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Bayshore Regional Sewerage Authority to Receive $2.4M in Federal Hurricane Sandy Relief

The funds are to be used to repair damage to a raw sewage main pump station.

The Bayshore Regional Sewerage Authority will receive $2,407,105.27 in federal funding through FEMA for emergency protective measures to repair their raw sewage main pump station, which was damaged during Hurricane Sandy, according to a press release issued by Sen. Frank R. Lautenberg (D-NJ) and Sen. Robert Menendez (D-NJ).

The Bayshore Regional Sewerage Authority, often called "The BRSA," is a government agency that handles the raw sewage of eight towns, by transporting, treating and disposing it and discharging cleaned water for Union Beach, Holmdel, Keyport, Hazlet, Keansburg, Matawan, Aberdeen and parts of Marlboro. 

The water treatment facility is located along the Raritan Bay in Union Beach and according to a December report by the Star Ledger, severe flooding caused about $10 million worth of damage to the plant. The authority passed a resolution authorizing the executive director to apply for aid through FEMA in November, according to their meeting minutes.

The BRSA was just one of three entities to receive a slice of the $15 million in federal funding announced Tuesday. Little Egg Harbor will receive $3,344,363.24 and Margate will receive $1,809,098.90 for the removal of debris. New Jersey State Police will receive $2,139,803.93 for labor and equipment and $5,585,808.22 for public health and safety activities performed as a result of Sandy.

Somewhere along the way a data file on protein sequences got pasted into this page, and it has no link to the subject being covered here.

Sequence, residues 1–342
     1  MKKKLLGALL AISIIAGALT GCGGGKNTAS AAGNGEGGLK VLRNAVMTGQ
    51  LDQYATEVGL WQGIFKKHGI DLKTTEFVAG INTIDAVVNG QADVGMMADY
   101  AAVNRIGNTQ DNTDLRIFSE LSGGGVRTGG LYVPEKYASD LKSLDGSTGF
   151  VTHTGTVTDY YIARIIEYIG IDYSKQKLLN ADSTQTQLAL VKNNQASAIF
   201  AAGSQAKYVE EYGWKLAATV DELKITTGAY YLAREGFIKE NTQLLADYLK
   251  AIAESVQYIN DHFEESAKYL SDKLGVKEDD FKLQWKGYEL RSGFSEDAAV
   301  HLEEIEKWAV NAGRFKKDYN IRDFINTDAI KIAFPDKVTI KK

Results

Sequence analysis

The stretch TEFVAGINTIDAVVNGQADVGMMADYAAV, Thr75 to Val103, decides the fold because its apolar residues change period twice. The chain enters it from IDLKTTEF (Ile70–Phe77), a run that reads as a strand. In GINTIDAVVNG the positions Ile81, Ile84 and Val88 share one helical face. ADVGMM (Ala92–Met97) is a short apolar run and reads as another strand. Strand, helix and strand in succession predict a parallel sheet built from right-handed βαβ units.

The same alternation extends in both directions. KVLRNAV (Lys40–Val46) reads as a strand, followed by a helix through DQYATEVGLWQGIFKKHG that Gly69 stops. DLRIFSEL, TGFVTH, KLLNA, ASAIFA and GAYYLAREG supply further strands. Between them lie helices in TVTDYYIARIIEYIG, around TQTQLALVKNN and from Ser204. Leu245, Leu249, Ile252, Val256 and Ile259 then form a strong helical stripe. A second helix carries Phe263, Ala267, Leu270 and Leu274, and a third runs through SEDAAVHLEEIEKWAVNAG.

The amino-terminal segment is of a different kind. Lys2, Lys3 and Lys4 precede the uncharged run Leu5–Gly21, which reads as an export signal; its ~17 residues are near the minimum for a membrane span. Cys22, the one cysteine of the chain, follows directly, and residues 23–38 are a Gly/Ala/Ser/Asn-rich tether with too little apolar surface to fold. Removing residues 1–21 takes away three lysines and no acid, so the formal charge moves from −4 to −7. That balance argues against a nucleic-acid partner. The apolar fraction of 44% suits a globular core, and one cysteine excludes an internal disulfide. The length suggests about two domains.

"These grants will be incredibly helpful to our agencies, cities and towns, but there is much work we still must do to help New Jersey rebuild and recover, and I look forward to bringing more federal disaster aid back to New Jersey as soon as possible," said Lautenberg in the release. Lautenberg is a member of the Senate Appropriations Subcommittee on Homeland Security, which funds FEMA.

"Small towns, public utilities and major cities were all in Superstorm Sandy's destructive path last year, and it was the dedicated response of our public safety personnel that made such a critical different in helping New Jersey's clean up after the storm and taking the first steps toward recovery," Menendez said in the release.

Practical Thinker February 21, 2013 at 08:46 PM
Great article Chelsea, now stop reporting that the BRSA discharges into the bay, as you and Christina Johnson have previously reported. The TRUTH is, the completely treated effluent, which must meet swimming pool grade quality, is sent through the Monmouth County Bayshore Outfall Authority's outfall pipe, where it is ultimately discharged into the ATLANTIC OCEAN far off Sandy Hook. You and your editor have caused unnecessary fear for local bay swimming residents, that BRSA sends their effluent into Raritan Bay. Get your story straight.
Bill Heller February 22, 2013 at 06:21 AM
It is my opinion that if the BRSA spends one copper penny on fixing the Sandy damaged wind turbine infrastructure out of this or other monies they are getting before (a) all sewage-related repairs are complete and (b) if and when they prevail in the legal fight vs. Union Beach, then we should institute a class action suit against them for fiscal malfisnecce. The BRSA does a great job of treating our sewage, but they should stick to only that. They are not a power compan or a super-authority...though I imagine Fischer thinks they are.

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